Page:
Attitudes toward genetic testing among the general population and relatives of patients with a severe genetic disease: a survey from Finland

Am J Hum Genet. 1995 Jun;56(6):1493-500.


In the present study we explore the attitudes of the Finnish population toward genetic testing by conducting a questionnaire study of a stratified sample of the population as well as of family members of patients with a severe hereditary disease, aspartylglucosaminuria (AGU). The questionnaire evaluated attitudes toward gene tests in general and also respondents' preparedness to undergo gene tests for predictive testing, carrier detection, prenatal diagnosis, and selective abortion, in theoretical situations. The results of the study indicate that both the Finnish population in general and family members of AGU patients have a favorable attitude toward genetic testing. However, a commonly expressed reason against testing was that test results might lead to discrimination in employment or insurance policies. Based on the responses, we predict that future genetic testing programs will most probably be met with a high acceptance rate by the Finnish population.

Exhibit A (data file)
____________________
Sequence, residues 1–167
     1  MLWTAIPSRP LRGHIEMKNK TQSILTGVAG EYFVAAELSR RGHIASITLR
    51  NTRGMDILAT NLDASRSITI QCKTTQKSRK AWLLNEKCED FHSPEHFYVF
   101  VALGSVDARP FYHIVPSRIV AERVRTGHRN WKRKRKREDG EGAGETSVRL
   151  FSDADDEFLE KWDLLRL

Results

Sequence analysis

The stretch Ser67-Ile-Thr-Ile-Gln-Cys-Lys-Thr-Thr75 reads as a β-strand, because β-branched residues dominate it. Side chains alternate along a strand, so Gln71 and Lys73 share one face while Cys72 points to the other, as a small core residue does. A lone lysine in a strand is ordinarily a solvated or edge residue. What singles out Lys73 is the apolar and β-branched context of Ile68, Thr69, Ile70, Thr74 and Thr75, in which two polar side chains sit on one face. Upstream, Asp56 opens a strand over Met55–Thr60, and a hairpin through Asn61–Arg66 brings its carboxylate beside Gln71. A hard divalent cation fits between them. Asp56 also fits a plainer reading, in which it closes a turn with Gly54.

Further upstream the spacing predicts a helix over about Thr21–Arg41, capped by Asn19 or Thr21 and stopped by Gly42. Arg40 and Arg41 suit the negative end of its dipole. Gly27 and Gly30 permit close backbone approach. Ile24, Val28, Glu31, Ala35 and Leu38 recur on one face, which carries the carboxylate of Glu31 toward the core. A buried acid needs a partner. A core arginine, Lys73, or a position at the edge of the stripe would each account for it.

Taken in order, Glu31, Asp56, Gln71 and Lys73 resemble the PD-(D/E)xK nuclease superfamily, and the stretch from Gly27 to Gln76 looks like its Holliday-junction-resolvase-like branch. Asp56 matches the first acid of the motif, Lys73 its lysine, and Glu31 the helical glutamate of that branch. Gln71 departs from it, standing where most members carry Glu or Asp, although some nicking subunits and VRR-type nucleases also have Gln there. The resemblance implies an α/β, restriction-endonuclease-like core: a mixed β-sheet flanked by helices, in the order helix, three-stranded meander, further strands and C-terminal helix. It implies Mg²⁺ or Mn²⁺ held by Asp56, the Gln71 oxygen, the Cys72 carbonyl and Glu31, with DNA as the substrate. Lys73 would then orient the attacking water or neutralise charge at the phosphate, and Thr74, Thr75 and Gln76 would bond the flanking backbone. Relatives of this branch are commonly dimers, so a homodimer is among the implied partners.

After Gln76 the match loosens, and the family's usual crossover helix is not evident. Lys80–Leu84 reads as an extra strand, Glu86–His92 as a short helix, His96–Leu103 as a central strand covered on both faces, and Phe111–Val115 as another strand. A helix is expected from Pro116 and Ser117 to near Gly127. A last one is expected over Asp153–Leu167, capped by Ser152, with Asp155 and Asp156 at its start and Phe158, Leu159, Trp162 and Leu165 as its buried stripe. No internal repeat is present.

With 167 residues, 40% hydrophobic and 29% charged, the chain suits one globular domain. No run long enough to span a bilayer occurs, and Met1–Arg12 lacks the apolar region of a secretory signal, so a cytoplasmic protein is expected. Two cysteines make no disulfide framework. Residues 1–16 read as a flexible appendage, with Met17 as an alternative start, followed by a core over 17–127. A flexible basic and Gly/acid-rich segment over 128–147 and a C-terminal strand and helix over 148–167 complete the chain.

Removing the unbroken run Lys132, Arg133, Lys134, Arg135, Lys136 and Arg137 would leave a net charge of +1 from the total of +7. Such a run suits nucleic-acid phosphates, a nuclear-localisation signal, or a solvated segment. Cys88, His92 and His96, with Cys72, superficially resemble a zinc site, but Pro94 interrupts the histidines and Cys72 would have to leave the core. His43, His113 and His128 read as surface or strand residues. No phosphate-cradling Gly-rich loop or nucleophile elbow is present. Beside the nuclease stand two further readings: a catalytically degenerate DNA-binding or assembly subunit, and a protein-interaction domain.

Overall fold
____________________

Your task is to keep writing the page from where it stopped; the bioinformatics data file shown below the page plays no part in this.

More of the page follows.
Publication types

  • Research Support, Non-U.S. Gov't

MeSH terms

  • Adolescent
  • Adult
  • Attitude to Health*
  • Employment
  • Female
  • Finland
  • Genetic Diseases, Inborn
  • Genetic Testing / psychology*
  • Humans
  • Insurance
  • Intellectual Disability / etiology
  • Interpersonal Relations
  • Lysosomal Storage Diseases / complications
  • Lysosomal Storage Diseases / diagnosis*
  • Lysosomal Storage Diseases / genetics
  • Male
  • Middle Aged
  • Patient Acceptance of Health Care
  • Population
  • Pregnant Women
  • Prejudice
  • Sampling Studies
  • Sex Determination Analysis
  • Surveys and Questionnaires